That is the question — for the very few people who are somehow ambivalent about which brand should get their business. Most potential buyers already have their minds made up, even before the ☰ springs from the cake March 31. What makes TeslaMondo so sure about this?
EVs are statements. When you buy abnormal transportation, you believe you’re saying something, about a bunch of things. You are philosophically invested in the purchase. The car affects your social image, and your self-image, much more than a normal car does.* And so you don’t make the decision lightly. Choosing Bolt vs ☰ isn’t like choosing Camry vs Accord. It’s more like choosing a president. Try finding someone who is ambivalent about Trump vs Sanders vs Clinton.
EV buyers, even newcomers, are tech-savvy and therefore net-savvy. They read lots of sites and peruse lots of forums. They know more about Tesla than the average man on the street. And most importantly, they know GM is trying to hassle Tesla. They might know the details (the Bolt photo-ops near Tesla HQ, the Barra jab during the Bolt debut, the GM letters to state pols about banning Tesla, the Bob Lutz dissage**), but even if they don’t know the details, they’re probably aware of some friction, and they’ve already decided how to vote with their wallets.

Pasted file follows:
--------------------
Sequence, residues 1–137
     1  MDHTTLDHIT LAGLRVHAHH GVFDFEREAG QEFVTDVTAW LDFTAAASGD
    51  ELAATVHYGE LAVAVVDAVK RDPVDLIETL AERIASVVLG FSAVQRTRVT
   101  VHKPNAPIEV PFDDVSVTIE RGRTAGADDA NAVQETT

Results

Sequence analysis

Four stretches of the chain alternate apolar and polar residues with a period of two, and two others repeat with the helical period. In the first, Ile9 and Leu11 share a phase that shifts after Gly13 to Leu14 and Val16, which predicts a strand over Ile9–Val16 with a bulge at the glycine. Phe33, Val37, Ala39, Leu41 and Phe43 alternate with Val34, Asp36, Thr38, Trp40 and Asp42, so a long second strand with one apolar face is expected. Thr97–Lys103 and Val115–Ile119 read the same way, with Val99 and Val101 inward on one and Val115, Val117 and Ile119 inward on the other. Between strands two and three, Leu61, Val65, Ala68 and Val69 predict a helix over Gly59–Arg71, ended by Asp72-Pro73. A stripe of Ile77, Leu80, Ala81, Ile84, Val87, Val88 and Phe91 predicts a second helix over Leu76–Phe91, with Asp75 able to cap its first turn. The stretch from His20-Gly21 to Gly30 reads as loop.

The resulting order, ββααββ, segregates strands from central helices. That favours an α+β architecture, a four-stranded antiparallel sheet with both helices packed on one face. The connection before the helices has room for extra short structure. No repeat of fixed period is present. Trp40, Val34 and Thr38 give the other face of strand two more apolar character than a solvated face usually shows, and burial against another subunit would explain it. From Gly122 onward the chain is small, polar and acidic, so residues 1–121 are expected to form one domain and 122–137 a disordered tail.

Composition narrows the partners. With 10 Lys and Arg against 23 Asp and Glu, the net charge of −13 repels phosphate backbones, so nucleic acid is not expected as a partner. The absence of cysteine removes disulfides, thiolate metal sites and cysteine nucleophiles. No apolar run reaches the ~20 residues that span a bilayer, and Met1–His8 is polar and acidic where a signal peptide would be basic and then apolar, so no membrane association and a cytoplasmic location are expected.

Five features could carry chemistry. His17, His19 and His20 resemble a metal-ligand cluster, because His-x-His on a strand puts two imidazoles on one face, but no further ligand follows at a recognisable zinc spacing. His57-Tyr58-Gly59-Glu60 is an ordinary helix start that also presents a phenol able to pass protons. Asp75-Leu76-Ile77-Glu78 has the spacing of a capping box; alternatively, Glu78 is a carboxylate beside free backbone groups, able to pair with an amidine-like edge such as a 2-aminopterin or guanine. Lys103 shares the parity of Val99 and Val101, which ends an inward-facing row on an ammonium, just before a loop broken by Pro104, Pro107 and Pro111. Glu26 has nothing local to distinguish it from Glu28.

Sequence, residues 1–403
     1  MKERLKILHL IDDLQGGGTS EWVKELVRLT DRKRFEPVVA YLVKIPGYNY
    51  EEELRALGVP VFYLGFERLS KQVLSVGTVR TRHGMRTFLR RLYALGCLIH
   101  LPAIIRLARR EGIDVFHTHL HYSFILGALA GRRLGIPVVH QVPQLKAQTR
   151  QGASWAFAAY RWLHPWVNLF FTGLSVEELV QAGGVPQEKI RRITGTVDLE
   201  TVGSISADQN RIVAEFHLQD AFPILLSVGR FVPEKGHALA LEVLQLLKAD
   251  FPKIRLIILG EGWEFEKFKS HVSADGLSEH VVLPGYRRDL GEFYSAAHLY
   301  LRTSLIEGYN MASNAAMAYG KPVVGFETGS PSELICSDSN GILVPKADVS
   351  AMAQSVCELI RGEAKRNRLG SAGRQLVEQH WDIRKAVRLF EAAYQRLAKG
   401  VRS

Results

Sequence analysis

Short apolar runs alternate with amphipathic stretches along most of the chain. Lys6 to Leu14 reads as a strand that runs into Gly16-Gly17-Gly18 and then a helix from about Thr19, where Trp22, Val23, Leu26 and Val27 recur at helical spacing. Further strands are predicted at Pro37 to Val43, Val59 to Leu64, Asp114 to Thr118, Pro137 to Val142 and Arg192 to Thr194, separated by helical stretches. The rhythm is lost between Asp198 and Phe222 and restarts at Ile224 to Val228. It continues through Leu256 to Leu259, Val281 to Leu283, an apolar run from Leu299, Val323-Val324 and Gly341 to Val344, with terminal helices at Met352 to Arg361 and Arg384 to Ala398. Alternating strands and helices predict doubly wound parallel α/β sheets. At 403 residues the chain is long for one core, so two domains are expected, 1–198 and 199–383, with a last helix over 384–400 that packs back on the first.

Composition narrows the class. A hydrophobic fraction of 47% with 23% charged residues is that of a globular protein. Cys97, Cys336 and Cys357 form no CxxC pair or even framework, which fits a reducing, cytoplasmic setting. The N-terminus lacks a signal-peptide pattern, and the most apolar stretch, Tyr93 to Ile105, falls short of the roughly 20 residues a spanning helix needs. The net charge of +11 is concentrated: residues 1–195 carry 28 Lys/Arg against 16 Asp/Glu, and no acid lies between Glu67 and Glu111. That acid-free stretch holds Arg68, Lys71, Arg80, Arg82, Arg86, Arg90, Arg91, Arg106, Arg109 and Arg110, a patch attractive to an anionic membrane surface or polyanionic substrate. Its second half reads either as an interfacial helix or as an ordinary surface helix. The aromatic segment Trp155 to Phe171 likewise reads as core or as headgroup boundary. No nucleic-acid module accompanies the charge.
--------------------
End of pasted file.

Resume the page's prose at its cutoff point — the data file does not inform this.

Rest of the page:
An EV purchase usually isn’t urgent. Very few people will order a Bolt just because they’re hard-up for wheels and can’t wait for a Tesla ☰. These buyers aren’t poor or transportation-deprived. If TeslaMondo is wrong about this, and GM really does grab a first-mover advantage, then watch for a flood of three-year-old Bolts hitting the used market circa 2020 as people try to get into a ☰, or even a Y. By then, the Gig should hit full song. Tesla products should be readily-available.
GM has shown its cards. That’s the problem with going first. So how strong is GM’s hand? TeslaMondo sees a pair of sevens. Like, wow.
*With time, of course, EVs will become normal transportation.
**He’s still considered a GM guy.